Dearest Friends of the Friars:
In the most unusual way, probably for the first time in our Catholic history, we celebrate the holiest and most ancient days of our Easter Triduum by abstaining from gathering together as the People of God. Yet, this is the central feast of our faith: He is risen! Current global circumstances dampen the Alleluia of our Easter cry.
I personally remember with fondness and joy the several times I was privileged to participate in a celebration of the Easter Triduum in Rome, even the Easter Vigil Liturgy in St. Peter’s. And then came the excitement of Easter morning: thousands of pilgrims in St. Peter’s square for the Easter Urbi et Orbi Blessing. It was a wonderful witness of love for our rich tradition and love for festive celebration!
This Easter, however, both the spaces at St. Peter’s, inside and out, will be empty, shrouded in eerie silence. Heartbreaking!
I mention St. Peter’s as a symbol for what is now the case in nearly every Catholic/Christian community on the globe. Yet, if we pause and think a little deeper, this situation for many of our fellow Catholic brothers and sisters is not new.
I think of Catholics in Japan who persevered and lived their Catholic faith for nearly 200 years without the Eucharist and without any public celebration. Or, in more contemporary realities, I think of Catholics in Amazonia who are deprived not only of celebrations of the Liturgy but also more and more deprived of their homeland and natural environment.
This impoverished reality includes so many others: for example, those who are aged and sick, but also Catholics of the Eastern Churches in Syria and the Middle East who continue to suffer incredible devastation. The list goes on.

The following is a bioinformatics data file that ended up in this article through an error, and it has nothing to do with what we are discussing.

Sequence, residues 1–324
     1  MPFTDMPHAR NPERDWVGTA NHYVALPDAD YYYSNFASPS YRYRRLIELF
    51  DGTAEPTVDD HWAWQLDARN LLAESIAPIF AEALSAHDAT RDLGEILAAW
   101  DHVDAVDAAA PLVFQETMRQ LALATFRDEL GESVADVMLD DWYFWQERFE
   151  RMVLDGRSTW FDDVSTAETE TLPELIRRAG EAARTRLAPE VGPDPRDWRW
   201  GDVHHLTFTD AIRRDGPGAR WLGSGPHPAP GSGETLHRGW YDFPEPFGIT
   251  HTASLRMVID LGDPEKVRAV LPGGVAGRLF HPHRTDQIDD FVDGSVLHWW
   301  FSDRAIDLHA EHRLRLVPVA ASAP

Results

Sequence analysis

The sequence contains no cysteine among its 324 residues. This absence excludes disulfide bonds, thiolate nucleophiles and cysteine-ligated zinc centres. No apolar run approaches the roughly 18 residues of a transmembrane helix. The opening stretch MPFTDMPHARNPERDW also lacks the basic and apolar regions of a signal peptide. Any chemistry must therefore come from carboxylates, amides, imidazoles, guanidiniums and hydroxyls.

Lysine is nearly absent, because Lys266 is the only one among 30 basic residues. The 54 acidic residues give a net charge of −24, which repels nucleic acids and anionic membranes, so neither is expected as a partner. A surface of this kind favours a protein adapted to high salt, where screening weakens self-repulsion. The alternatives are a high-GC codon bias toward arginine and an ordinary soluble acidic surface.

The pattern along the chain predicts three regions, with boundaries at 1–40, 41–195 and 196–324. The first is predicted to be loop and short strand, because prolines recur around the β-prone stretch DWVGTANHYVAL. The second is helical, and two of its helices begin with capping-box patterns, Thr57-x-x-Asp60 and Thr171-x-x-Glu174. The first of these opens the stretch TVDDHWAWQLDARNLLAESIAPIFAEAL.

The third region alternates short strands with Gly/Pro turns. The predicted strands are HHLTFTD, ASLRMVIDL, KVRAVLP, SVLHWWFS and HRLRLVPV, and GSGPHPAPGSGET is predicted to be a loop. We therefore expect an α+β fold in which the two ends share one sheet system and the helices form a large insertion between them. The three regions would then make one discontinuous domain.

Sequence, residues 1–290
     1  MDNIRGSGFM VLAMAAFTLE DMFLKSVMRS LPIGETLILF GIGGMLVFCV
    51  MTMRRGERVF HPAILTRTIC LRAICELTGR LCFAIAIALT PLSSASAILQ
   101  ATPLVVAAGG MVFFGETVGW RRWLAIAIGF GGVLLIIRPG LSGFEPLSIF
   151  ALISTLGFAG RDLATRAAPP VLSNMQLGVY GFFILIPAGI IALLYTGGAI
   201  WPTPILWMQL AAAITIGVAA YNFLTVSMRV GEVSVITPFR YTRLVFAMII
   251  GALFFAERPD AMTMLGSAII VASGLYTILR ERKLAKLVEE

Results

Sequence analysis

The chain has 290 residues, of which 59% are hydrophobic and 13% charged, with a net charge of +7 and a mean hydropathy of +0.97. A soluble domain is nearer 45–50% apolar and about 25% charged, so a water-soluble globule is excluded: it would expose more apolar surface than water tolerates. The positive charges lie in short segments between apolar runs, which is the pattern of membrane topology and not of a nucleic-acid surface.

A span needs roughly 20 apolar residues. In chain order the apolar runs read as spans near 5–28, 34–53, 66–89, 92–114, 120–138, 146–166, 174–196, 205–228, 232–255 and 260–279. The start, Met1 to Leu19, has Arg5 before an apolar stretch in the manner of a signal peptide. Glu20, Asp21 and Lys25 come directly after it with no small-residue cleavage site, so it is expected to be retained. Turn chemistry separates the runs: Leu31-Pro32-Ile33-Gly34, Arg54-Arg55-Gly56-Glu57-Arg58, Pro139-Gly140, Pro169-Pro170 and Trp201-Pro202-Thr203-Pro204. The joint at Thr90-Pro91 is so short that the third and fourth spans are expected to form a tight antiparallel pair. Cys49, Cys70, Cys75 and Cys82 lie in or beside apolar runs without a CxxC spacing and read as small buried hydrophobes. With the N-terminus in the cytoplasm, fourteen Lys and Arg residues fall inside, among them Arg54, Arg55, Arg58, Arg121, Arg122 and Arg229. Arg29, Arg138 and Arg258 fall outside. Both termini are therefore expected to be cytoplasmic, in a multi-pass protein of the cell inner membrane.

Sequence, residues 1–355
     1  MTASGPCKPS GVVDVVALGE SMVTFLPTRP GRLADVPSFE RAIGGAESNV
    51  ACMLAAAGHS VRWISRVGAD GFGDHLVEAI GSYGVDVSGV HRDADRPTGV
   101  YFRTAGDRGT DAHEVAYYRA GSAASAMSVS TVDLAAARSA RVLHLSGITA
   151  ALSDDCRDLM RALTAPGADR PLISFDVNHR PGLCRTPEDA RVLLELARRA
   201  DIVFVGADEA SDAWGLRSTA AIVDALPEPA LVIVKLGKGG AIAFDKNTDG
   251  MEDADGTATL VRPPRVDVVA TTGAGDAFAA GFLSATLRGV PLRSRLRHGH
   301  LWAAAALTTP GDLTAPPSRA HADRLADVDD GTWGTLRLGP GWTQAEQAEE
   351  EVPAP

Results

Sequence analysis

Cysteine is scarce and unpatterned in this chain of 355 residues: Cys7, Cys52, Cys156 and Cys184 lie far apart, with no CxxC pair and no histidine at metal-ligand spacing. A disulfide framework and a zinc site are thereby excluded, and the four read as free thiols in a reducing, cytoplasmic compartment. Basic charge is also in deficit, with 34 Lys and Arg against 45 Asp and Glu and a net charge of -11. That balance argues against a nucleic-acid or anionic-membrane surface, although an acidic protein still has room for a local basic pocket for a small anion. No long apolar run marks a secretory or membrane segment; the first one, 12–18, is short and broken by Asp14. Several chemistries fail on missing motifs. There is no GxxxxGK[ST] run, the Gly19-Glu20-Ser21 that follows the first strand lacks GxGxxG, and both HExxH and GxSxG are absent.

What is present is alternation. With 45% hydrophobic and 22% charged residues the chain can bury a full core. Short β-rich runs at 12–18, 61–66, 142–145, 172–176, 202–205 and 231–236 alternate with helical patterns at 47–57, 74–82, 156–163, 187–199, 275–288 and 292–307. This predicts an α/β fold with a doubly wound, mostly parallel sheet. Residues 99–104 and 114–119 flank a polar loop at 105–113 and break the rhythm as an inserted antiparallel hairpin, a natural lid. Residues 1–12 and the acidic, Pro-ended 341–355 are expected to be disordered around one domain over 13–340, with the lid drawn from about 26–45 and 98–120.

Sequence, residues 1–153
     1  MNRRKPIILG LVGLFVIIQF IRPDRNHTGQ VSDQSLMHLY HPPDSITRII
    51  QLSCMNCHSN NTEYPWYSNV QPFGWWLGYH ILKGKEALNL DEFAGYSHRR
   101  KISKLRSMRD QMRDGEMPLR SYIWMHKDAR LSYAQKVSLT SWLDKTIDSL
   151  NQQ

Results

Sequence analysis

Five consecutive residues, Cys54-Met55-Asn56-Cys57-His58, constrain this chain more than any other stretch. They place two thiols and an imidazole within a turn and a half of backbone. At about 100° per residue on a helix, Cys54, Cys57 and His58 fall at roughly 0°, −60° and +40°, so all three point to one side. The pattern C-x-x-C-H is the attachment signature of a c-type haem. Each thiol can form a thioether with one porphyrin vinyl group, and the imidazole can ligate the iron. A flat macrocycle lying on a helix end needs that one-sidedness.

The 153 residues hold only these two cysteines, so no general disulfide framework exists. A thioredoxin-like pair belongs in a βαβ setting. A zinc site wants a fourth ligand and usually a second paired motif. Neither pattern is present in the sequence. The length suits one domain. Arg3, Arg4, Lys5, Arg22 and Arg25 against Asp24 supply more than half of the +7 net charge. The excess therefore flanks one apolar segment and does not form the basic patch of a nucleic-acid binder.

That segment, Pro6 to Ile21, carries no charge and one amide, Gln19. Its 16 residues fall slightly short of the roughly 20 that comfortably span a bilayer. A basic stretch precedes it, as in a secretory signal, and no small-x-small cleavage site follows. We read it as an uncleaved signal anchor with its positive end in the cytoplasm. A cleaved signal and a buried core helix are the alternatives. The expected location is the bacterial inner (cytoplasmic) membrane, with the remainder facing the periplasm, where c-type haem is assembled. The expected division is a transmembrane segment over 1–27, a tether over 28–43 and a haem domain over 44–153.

Maybe this year we are called to be in solidarity with them. The majority of Catholics across the globe, even without a pandemic, are deprived of regular access to Easter liturgy. Are they thereby less Catholic?
The reality is that our liturgies and celebrations are vitally helpful for nourishing and sharing our faith, but we know God’s grace is not limited to sacraments. St. Peter’s is empty but nevertheless, even alone in the square, our principal pastor, Pope Francis, is there. He encourages us. He calls us to actualize the reality of our “domestic churches” within our homes. We can still open our hearts to enter into deeper communion within the whole Body of Christ.
During the Triduum this year, he encourages us that carrying " ... His cross means finding the courage to embrace all the hardships of the present time.” This accomplishes ultimately what our liturgical celebrations intend, namely, to open our hearts and “make room for the creativity that only the Spirit is capable of inspiring.” By that Spirit, “we uncover our common belonging, … our belonging as brothers and sisters."
Precisely therein is new life of fullness, joy of Easter sending us together on the way to Emmaus. I find solace in the pope’s example and in his words, especially for this Easter. For the first time in my memory, I am to be deprived of full assembly for the Easter Triduum. In case you may have missed Pope Francis’ prayer and encouragement, I have attached links to both. You may find them helpful. I did.
“If the Spirit of the one who raised Jesus
from the dead dwells in you…(Rom 8:11)